Album Review: The Dillinger Escape Plan - Dissociation
By Tanner Bidish, Contributor
[Party Smasher Inc.; 2016]
Key Tracks: “Wanting Not So Much To As To,” “Fugue,” “Nothing to Forget”
The Dillinger Escape Plan has had a career spanning nearly two decades. Their sixth and final album caps their discography on what can best be described as thoughtfully experimental. Dissociation pays homage to everything it was built on, while also exploring what it can be in and of itself. Dillinger’s latest shows smart and interesting musical decision making that can be expected from their experience. Their farewell address does not disappoint.
Opening the album at full throttle is “Limerent of Death;” it’s adrenaline forced and pushes forward with unwavering intensity. Juxtaposing it, is the gentle guitar intro of the following track, “Symptom of Terminal Illness.” A range of vocal stylings are sported here, and throughout the record, by Greg Puciato. Low luring, midrange pleading; the performance is emotional and creepy.
“Wanting Not So Much To As To” is perhaps the most musically engaging. A seemingly playful percussive intro breaks away after eight seconds to unrelenting guitar. Little interludes break the tension time and again, but heavy instrumentation and vocals abruptly resume. Two spoken word segments give narrative to sung verses. Each musical shift feels motivated in this genuinely exciting track.
Dissociation is full of surprises, the largest of which is probably the four minute electronic instrumental, “Fugue.” It is starkly unlike its fellow tracks, but finds its home comfortably by maintaining the record’s atmosphere and not fumbling the momentum. “Low Feels Blvd” keeps the surprises coming with a soothing jazz break among the chaos, which rails right back into the action. Contrasting guitar lines in the midst of “Surrogate” give way to creepy ambience, then screaming, then relaxed vocals that aid the darkness of this number.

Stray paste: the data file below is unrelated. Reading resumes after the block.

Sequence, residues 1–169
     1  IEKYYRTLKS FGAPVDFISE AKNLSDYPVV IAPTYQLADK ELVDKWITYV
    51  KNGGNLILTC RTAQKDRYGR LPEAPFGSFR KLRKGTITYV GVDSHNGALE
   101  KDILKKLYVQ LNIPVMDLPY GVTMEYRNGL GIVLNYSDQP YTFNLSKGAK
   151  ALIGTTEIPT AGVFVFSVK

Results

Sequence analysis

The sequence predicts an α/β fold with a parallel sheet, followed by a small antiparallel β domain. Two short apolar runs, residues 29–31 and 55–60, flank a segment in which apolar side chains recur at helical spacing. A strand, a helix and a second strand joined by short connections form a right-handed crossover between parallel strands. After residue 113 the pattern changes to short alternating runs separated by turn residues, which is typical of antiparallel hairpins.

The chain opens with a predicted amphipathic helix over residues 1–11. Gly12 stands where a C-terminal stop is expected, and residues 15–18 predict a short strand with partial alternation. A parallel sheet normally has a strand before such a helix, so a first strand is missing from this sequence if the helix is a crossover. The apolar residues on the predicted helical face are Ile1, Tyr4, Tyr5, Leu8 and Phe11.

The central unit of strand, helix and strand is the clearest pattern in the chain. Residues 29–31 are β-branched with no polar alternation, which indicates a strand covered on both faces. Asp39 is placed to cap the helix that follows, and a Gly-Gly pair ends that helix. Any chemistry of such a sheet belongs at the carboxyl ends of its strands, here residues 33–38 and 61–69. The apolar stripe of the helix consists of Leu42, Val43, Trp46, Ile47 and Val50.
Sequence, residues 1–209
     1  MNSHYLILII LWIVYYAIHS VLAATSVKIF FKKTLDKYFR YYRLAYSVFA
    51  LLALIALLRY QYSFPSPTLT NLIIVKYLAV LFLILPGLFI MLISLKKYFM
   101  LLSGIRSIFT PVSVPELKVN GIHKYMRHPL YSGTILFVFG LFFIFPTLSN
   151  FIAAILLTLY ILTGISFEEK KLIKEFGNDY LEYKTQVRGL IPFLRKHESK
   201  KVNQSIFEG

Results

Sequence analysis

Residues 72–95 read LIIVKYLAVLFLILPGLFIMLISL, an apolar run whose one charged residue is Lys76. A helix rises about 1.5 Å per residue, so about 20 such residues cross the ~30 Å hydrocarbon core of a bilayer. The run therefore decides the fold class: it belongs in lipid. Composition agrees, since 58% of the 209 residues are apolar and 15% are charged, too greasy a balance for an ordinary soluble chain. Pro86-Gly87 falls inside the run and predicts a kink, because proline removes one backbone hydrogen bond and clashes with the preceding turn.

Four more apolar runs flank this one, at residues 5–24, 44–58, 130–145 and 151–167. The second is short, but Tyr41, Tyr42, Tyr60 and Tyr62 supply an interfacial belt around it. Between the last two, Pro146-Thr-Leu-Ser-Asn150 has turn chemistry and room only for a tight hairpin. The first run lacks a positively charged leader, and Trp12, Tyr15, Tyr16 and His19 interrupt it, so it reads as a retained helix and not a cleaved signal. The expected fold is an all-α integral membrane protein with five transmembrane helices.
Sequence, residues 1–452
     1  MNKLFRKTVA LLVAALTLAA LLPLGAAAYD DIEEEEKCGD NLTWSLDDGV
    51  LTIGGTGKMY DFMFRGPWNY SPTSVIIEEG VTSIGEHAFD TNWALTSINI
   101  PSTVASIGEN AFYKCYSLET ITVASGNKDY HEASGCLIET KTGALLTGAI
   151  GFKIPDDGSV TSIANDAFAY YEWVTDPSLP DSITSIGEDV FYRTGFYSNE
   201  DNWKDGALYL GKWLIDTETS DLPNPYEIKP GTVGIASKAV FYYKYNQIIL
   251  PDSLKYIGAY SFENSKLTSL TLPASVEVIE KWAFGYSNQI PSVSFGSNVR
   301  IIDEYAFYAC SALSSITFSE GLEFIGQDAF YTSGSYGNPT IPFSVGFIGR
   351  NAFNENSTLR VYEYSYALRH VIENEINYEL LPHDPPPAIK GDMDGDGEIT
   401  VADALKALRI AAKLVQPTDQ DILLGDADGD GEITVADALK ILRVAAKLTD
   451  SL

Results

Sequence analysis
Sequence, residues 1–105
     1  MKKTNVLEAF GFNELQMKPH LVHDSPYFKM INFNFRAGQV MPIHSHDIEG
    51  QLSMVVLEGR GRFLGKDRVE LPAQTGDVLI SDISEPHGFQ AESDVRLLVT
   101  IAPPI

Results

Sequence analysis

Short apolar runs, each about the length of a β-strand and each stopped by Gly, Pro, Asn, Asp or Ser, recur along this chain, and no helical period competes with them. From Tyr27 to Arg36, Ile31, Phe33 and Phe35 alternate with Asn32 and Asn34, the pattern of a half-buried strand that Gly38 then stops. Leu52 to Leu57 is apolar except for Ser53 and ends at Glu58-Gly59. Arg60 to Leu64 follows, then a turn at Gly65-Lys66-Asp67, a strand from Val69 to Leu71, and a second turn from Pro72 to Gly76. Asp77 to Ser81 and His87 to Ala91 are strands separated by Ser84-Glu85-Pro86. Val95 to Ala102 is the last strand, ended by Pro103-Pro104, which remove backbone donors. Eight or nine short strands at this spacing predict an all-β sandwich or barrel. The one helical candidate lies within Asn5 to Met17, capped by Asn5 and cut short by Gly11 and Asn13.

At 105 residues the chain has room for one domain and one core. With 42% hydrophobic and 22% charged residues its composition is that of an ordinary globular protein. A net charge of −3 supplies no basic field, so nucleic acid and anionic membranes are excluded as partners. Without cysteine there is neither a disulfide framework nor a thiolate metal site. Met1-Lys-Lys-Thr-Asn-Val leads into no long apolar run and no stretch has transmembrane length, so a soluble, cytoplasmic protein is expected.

Intricacies get exciting in “Nothing to Forget.” What beings as heavy math-metal jam is dissipated near the three-minute mark by violins. Puciato’s voice dips into a pleasing, not quite falsetto, high range over the strings. Meanwhile the percussion hints at something darker brewing; the track curtly reaches back to the intensity it started with. Puciato calls, “Please let me be by myself, I don’t need anything”.
The title track serves as the closer. It features a call back to the electronics on “Fugue” and the strings on “Nothing to Forget”, along with melodic vocal stylings. It’s the most at peace work of this album. An honest swan song from The Dillinger Escape Plan.
Dissociation is exciting and intricate. The Dillinger Escape Plan performs unexpectedly and acutely, with spikes and leads that will keep listeners invested. Dissociation is a satisfying end to a long career.
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